Of all novels, Great Expectations strikes me as the greatest, partly because it changes so much as you reread it. You can read it as, or to, a child (I'm reading it at present to my nine-year-old daughter) and thrill to the plot - not least because any book that starts with its protagonist as a child offers something of the child's-eye view. Like a detective story, which it also is, it has a dramatic opening, with the "small bundle of shivers" that is Pip being terrified by an escaped convict, Magwitch, into stealing food for him. From time to time, I tell my children the plots of classic novels on walks, and the power of this one was unmistakable, because even the six-year-old was asking, What happens next?
I myself first read it as a teenager, as a Bildungsroman. My sympathies were all with Pip, and I largely overlooked the moral subtleties of his tale, let alone the artistry with which it is composed. I had not then experienced what it was like to fall in love with someone who treated me with cruelty and contempt, as Estella does Pip, but I understood that this was about a young person's education in the ways of the world and, like all young people, I was greedy for such knowledge.
I was captivated by the mixture of brooding gothic horror and social comedy. Pip believes he has been selected (for no very obvious quality) by the rich and crazy Miss Havisham to be elevated above his birth and to marry Estella, the spoilt and beautiful girl who, as she warns him, cannot love. This seems perfectly proper to a young reader, who, just like Pip, has yet to learn that he or she is not necessarily the hero of his own life. In the end, Pip does become a gentleman, and saves Estella from becoming a second Miss Havisham, so the fairy tale comes true, in a sense. But he has lost the great fortune he expected, has had to work hard, and has suffered much. Estella has been "bent and broken". The good have died, and so have the wicked. It gradually dawned on me that this was an extraordinarily dark inversion of a number of fairy tales.
You don't realise, as an immature reader, quite how foolish it is to identify with a fictional character, as Nabokov said. In a sense, you are right not to, because if you fail to feel yourself at one with Pip on first reading Great Expectations, you fail to grow with him. Critics have wondered at his name: to me it's always been obvious he is a pip - the seed of the man he'll grow into. As a novelist, this strikes me as the most fascinating of all subjects. How do people become fully human? Dickens was a philanthropist but also a profoundly flawed human being, and he knew it more than most. Pip also knows that he has sinned, and at every point in his story Dickens is at pains to point this out. (Perhaps he was wise to do so, considering how often critics need to have the comedy of bad behaviour spelled out for them.)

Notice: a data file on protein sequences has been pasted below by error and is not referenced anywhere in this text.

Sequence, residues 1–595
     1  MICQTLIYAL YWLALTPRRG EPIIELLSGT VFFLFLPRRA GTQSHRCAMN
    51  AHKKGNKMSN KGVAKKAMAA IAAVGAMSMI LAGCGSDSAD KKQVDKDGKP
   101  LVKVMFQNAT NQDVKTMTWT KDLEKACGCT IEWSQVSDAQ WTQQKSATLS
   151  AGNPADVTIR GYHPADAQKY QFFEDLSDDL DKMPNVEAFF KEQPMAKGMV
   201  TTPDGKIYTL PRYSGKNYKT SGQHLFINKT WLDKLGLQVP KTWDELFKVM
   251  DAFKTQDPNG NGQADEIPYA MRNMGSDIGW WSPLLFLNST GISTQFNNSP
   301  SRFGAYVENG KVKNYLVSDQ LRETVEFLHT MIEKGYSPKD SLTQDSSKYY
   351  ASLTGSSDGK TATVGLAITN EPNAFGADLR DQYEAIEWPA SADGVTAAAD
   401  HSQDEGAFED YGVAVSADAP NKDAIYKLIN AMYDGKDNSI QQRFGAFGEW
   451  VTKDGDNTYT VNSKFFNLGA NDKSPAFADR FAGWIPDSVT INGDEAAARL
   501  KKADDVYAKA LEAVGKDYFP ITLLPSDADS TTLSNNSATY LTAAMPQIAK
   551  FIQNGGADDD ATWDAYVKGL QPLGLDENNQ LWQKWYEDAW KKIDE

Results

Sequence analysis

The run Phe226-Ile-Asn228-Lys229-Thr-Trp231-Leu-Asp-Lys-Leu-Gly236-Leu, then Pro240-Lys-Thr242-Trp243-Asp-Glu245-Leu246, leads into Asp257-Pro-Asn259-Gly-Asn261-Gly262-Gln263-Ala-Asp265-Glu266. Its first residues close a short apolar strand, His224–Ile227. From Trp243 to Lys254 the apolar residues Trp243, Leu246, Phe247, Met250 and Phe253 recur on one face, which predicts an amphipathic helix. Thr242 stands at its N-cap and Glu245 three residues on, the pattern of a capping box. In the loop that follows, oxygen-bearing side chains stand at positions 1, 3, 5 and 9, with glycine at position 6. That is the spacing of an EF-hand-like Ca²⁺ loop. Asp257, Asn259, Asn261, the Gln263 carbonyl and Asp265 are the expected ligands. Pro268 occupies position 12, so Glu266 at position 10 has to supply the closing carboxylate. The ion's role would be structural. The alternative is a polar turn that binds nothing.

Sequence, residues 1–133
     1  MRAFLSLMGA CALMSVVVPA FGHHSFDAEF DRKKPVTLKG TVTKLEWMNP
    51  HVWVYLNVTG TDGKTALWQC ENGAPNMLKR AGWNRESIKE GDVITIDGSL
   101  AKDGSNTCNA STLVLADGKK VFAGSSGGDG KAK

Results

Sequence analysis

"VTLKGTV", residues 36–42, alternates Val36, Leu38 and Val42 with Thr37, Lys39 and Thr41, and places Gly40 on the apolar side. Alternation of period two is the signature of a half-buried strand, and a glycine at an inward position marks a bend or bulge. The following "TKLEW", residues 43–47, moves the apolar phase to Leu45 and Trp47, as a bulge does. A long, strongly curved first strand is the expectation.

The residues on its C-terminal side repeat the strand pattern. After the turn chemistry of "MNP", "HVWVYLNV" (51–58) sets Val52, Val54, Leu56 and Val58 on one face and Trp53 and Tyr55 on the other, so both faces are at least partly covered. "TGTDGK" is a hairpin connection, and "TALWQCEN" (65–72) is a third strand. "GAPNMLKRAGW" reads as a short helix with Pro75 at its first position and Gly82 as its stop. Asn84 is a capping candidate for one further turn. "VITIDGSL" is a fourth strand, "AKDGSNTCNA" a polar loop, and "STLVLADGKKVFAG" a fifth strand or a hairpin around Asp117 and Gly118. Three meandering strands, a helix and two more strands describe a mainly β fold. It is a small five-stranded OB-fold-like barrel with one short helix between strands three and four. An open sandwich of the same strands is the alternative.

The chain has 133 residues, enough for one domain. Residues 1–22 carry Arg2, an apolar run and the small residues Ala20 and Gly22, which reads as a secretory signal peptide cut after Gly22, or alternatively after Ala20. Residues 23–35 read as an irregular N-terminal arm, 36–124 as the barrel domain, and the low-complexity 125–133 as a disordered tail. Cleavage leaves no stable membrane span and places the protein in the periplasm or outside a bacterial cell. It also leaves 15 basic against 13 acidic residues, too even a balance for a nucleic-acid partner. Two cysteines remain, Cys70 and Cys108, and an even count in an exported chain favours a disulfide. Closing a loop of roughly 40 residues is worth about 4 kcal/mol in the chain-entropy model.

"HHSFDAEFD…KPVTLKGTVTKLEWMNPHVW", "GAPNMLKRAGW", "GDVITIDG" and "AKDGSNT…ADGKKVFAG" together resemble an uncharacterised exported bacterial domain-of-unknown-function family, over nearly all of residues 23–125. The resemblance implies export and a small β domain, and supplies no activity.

The next time I came to read Great Expectations was after university, when I began to do my real reading, both for pleasure and for craft. By then I had the usual critical knives lashed flashily to my chariot wheels. It is, for instance, a story that begins on Christmas Eve, and ends in December also, with the evening mists commemorating those out of which Magwitch rises one morning. Far from being the typical "baggy monster", the whole structure is lean and pared down. Every chapter advances the action, the themes of the whole, and there are none of the usual "Dickensian" grotesques. Estella is the opposite of the sentimental child- heroine of Dickens's other fiction, and I didn't quite believe in her bad marriage, or her humiliation - not then having witnessed a very similar one in real life. The first person to use the word "gentleman" is Magwitch, and he uses it to describe his mortal enemy, a fellow convict. Magwitch understands a gentleman to possess money and the things money can buy, such as clothes, fine manners, a posh accent - all of which he determines Pip shall have, too. Reading it in the 1980s, an era preoccupied not just by money but by social ambition, I think I only half-grasped how deep that irony went. Dickens is the master stylist, and satirist, but the greatness of Great Expectations goes beyond satire.
That word, "gentleman". As a matter of birth, it is wholly irrelevant to any person of sense. Pip is taught by Herbert Pocket (my favourite character, after Joe) not to put his knife in his mouth, and so despises Joe's looks and manners in turn. He is taught, as we have been taught, to value form rather than content. Presentation, charm and manners are indeed worth learning, but the gentleness, courtesy, truthfulness and courage that should constitute the true "gentleman" belong to Joe, the uncouth, uneducated blacksmith. I love Dickens for that, for bounding free of the blacking factory. Joe's words to Magwitch - "We don't know what you have done, but we wouldn't have you starved to death for it, poor miserable fellow creature" - are what makes Dickens the greatest and most compassionate of novelists. Surely, if a novel fails to make us as readers keep faith with humanity, it fails absolutely. It is love, or caritas, that rescues Pip, and Estella, and Joe and even Magwitch. It is because they love each other, and make us love them and see them, that they burn so bright against the gloom. It is love, not money or social graces, that makes you fully human, and love that fulfils expectations, great or small.
Amanda Craig's fifth novel, Love in Idleness, will be published in July by Little, Brown